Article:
What is the structure of the nasal cavity?

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The nasal cavity is a continuation of each nostril, and it is the space which lies behind and above the nose. The cavity is divided into two by a wall of cartilage called the nasal septum. The nasal septum continues towards the back in the form of a bony structure called the bony septum made up of four different bones. Large deviations of the nasal septum sometimes result in narrowing of the nasal cavity.

The forward section of this cavity within and above each nostril is referred to as the vestibule and behind each vestibule, along the outer wall are three structures called the nasal conchae or turbinate which hang over an air passage.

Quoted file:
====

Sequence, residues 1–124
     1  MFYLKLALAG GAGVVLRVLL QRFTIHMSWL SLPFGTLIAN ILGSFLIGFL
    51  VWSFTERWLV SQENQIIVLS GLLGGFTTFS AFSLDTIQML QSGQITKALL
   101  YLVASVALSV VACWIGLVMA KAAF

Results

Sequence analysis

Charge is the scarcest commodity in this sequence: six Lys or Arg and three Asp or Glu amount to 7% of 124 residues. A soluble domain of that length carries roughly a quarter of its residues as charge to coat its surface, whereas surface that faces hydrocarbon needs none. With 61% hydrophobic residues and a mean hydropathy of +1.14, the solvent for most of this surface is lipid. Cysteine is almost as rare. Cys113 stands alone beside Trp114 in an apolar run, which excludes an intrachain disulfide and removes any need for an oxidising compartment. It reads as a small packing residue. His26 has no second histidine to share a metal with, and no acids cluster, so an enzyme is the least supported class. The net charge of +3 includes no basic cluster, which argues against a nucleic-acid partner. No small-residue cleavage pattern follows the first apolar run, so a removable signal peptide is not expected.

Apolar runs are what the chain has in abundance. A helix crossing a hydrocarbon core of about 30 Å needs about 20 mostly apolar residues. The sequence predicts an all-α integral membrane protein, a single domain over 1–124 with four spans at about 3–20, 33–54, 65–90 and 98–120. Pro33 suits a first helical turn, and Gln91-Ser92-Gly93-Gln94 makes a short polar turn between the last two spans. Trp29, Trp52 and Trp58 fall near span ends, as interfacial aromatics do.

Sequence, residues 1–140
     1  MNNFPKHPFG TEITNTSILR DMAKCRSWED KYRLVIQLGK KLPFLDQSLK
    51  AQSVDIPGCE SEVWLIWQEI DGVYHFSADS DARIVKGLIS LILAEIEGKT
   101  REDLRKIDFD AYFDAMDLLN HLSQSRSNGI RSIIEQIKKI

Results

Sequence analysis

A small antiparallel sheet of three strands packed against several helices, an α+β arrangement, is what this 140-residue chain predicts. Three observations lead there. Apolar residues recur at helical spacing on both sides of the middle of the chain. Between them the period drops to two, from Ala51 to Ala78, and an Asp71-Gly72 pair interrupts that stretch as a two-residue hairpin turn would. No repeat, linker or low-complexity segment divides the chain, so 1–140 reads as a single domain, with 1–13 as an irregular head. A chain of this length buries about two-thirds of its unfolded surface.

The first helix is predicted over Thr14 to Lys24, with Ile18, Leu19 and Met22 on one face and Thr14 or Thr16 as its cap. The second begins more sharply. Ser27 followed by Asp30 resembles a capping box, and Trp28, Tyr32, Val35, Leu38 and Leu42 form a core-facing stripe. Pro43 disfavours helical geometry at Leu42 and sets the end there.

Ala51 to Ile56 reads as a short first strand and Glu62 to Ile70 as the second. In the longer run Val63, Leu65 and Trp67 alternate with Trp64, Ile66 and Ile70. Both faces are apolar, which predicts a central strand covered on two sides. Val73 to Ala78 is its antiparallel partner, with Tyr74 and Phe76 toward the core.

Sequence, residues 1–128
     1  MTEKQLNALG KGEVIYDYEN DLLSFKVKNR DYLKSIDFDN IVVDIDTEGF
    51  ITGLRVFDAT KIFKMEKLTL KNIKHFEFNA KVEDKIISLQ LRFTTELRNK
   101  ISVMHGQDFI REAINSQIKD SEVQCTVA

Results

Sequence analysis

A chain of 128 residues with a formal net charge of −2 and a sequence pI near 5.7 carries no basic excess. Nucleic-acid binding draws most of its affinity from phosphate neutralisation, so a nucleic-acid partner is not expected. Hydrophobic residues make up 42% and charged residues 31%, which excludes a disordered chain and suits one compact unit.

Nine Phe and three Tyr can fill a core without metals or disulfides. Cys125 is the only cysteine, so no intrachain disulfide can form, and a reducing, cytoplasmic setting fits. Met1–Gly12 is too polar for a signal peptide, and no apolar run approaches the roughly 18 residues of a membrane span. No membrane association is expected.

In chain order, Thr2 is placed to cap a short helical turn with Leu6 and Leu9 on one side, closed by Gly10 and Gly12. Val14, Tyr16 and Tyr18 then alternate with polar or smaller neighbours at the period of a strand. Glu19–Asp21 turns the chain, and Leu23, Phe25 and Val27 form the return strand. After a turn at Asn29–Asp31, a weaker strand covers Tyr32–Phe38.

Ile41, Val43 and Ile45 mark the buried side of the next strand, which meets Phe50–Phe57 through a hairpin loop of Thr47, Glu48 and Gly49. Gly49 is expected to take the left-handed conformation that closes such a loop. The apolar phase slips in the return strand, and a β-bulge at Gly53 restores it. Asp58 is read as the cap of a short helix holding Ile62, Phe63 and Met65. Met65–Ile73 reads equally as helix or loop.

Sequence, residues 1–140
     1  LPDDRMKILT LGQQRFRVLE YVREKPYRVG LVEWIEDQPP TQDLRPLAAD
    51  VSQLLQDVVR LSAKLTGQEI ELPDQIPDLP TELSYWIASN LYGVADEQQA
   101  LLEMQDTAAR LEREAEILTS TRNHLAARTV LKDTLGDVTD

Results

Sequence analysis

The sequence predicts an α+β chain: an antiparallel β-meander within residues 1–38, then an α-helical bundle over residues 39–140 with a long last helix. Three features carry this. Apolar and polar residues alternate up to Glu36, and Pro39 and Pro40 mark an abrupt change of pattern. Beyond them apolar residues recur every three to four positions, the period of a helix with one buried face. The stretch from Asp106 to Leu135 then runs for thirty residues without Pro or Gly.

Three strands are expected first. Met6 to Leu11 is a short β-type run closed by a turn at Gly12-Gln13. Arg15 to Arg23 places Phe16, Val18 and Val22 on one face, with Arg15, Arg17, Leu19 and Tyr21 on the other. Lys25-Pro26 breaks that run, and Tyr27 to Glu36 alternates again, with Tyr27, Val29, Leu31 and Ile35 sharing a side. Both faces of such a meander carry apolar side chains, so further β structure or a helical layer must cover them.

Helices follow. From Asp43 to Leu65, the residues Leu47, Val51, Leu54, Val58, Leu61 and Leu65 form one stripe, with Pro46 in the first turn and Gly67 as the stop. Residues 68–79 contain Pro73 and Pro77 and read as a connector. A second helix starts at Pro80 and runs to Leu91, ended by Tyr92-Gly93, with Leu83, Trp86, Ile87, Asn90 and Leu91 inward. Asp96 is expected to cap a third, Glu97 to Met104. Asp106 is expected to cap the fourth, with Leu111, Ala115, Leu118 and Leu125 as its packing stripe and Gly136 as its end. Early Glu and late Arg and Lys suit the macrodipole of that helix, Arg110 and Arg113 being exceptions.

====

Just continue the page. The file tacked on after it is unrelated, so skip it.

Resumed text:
Functionally, the nasal cavity has two areas. The area above the uppermost concha is called the olfactory region and it is responsible for smell. A portion of the lining contains nerve cells with projections called dendrites which dissolve microscopic particles from odour-emitting substances that chemically stimulate the olfactory nerve cells.

The rest of the nasal cavity is the respiratory area. The respiratory region is lined by mucus membrane which secretes mucus from its cells to help trap dust and other particles. Each side of the cavity is surrounded by paired sinuses called paranasal sinuses that drain into the nose.

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